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In theory, people can easily cross borders in West Africa, but in practice, not without paying bribes

Extorting travellers


According to the law, citizens of one country belonging to the Economic Community of West African States (ECOWAS) have the right to travel and reside in any country within ECOWAS for up to 90 days, without being subjected to any form of harassment or payment of residential permit. Travellers just need valid travel documents and international health certificate to be on the move. However, the practice on the ground is quite different.

Hilacondji, the last village before entering Togo is located at 100 km west of Cotonou, the capital of Benin. There, the officers of the first police station for passport holders do their work in full transparency. At the second and last Beninese police station, nationals of member countries of the ECOWAS holding valid ID have free access. Irregular travellers – those without or an invalid ID or without a vaccination card – should pay a ransom. The policemen demand that they pay between 300 F and 1000 F CFA.

“The cops collect more than 1000F CFA (US$ 1,81) per day! But I cannot get an identity card, because I don’t have a birth certificate,” complains Adjoua Mouzoun, an illiterate Beninese merchant who crosses the border to sell smoked fish at the market in Lomé, the capital of Togo.

At the border, Beninese public health workers ask the irregular passengers to pay 300F CFA. “Only our money interests these health workers. They do not even check if the vaccination cards are up-to-date,” complains Wabi Ouro, a Beninese entrepreneur. Asked about the destination of this bribe collected and the non-delivery of a receipt, a health worker replies: “Keep going, if you don’t want to get in trouble.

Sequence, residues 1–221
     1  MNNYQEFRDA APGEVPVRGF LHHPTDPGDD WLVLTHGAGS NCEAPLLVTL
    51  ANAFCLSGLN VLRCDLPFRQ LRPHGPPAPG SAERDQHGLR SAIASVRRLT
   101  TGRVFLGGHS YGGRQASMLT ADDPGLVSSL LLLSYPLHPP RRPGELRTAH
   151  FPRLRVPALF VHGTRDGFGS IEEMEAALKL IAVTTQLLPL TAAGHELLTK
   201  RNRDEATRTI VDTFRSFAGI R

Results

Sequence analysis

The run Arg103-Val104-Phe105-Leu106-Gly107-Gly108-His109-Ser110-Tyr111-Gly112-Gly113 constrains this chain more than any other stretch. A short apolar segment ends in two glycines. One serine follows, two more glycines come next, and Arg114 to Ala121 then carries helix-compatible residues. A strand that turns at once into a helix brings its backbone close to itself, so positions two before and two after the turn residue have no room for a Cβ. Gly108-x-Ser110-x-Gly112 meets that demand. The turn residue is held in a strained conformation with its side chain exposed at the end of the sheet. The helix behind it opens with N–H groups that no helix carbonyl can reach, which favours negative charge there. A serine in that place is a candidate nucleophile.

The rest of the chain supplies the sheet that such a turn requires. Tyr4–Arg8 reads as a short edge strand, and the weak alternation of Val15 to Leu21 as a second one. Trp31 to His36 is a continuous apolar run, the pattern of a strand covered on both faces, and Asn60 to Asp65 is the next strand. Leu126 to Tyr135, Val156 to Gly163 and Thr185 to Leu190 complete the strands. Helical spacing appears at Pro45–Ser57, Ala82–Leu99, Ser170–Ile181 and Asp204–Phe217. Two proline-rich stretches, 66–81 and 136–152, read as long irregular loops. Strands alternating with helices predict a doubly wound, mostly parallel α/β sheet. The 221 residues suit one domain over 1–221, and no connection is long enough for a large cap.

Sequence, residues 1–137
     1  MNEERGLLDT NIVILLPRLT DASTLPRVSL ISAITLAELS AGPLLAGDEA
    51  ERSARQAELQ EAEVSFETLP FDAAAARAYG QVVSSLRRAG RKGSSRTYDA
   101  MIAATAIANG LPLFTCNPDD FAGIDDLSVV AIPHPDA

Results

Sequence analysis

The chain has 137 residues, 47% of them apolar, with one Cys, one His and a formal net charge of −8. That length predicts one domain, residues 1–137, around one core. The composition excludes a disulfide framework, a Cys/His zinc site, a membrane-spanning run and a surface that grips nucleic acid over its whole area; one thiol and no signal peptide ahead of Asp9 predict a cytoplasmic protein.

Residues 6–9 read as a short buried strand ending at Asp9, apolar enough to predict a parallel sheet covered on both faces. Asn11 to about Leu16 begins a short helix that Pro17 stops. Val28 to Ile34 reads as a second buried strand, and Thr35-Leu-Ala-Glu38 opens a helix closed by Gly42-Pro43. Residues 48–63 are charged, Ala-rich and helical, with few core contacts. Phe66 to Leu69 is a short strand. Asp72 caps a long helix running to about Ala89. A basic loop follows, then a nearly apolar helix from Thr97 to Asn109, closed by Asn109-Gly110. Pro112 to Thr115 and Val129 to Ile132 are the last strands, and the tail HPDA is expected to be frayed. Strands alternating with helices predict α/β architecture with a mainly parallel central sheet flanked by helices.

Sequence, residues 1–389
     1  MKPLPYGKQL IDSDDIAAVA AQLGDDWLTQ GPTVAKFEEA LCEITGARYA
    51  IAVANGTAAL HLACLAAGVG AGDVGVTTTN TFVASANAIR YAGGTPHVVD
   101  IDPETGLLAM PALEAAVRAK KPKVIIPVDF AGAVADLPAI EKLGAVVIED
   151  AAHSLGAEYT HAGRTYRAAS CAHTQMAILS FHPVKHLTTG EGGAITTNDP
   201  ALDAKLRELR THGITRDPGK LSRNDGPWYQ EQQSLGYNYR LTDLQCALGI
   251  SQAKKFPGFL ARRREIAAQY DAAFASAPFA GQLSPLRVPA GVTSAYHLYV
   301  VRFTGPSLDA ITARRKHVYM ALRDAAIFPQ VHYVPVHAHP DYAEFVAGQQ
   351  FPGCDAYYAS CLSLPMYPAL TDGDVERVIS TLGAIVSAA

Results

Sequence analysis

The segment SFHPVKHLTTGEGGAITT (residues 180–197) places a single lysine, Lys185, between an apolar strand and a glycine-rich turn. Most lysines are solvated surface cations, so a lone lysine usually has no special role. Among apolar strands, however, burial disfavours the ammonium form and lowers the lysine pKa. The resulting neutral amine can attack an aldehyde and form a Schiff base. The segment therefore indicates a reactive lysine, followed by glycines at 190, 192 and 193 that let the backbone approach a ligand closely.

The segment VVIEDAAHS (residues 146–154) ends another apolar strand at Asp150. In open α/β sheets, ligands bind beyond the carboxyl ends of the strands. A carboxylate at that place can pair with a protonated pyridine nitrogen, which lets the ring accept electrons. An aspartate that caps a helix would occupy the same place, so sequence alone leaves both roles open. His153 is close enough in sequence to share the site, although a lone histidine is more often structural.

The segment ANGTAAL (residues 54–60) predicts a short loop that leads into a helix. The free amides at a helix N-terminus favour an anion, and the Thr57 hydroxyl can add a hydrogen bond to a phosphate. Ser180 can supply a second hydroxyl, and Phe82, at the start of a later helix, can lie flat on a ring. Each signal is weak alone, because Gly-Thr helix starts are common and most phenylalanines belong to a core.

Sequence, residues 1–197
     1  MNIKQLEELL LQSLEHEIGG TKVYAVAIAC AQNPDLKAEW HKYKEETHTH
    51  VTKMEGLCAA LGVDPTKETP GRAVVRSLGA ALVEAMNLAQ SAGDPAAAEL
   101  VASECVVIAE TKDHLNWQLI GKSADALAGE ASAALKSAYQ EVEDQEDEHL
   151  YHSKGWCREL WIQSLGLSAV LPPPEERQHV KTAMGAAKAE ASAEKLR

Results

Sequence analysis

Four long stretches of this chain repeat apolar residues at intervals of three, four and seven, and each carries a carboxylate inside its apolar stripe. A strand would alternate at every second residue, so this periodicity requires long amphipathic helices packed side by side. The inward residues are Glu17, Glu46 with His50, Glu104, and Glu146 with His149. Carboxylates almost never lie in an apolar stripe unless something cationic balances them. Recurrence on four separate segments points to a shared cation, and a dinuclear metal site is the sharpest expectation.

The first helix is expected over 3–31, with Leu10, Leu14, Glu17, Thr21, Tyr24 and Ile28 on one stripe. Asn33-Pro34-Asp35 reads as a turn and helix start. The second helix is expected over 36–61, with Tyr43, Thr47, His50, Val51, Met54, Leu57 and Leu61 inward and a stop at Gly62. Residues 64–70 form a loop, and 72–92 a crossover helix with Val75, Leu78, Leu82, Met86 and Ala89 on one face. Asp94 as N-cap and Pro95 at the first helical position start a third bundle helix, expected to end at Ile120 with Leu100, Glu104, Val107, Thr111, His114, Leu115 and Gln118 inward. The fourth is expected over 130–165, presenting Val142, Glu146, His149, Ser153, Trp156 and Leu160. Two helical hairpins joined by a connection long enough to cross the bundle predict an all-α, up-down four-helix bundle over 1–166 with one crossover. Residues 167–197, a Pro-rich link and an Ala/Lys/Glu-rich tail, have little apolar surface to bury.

In Togo, passengers are also ransomed by the police; the sums range from 300F to 1000F CFA. “It’s an organised mafia because they report to their bosses,” says Uchena Okechukwu, a Nigerian trader. The Togolese border superintendent was unreachable for further comment despite repeated attempts.

It’s the same at the Togo-Ghana border. “These policemen even require sometimes that regular travellers pay before they continue,” claims a luggage carrier, who prefers to stay anonymous.

On the Ghana side, it’s the worst, according to concordant testimonies. “Whether you have valid papers or not, you have to pay 1000F CFA mandatory,” laments Codjovi Ekoué, a Togolese student living in Ghana. However, the ECOWAS claims that “no one should be harassed at the borders” but the commission has no border police to play a watchdog role.

“This illegal cash flow escapes the public treasures of the concerned states,” reveals Bassir Talaki, a public tax consultant in Togo. “Imagine the amount when thousands of travellers cross these two borders each day,” he says and asks, “where does this colossal amount of money collected from passengers go?”

By Ibrahim Oredola Falola

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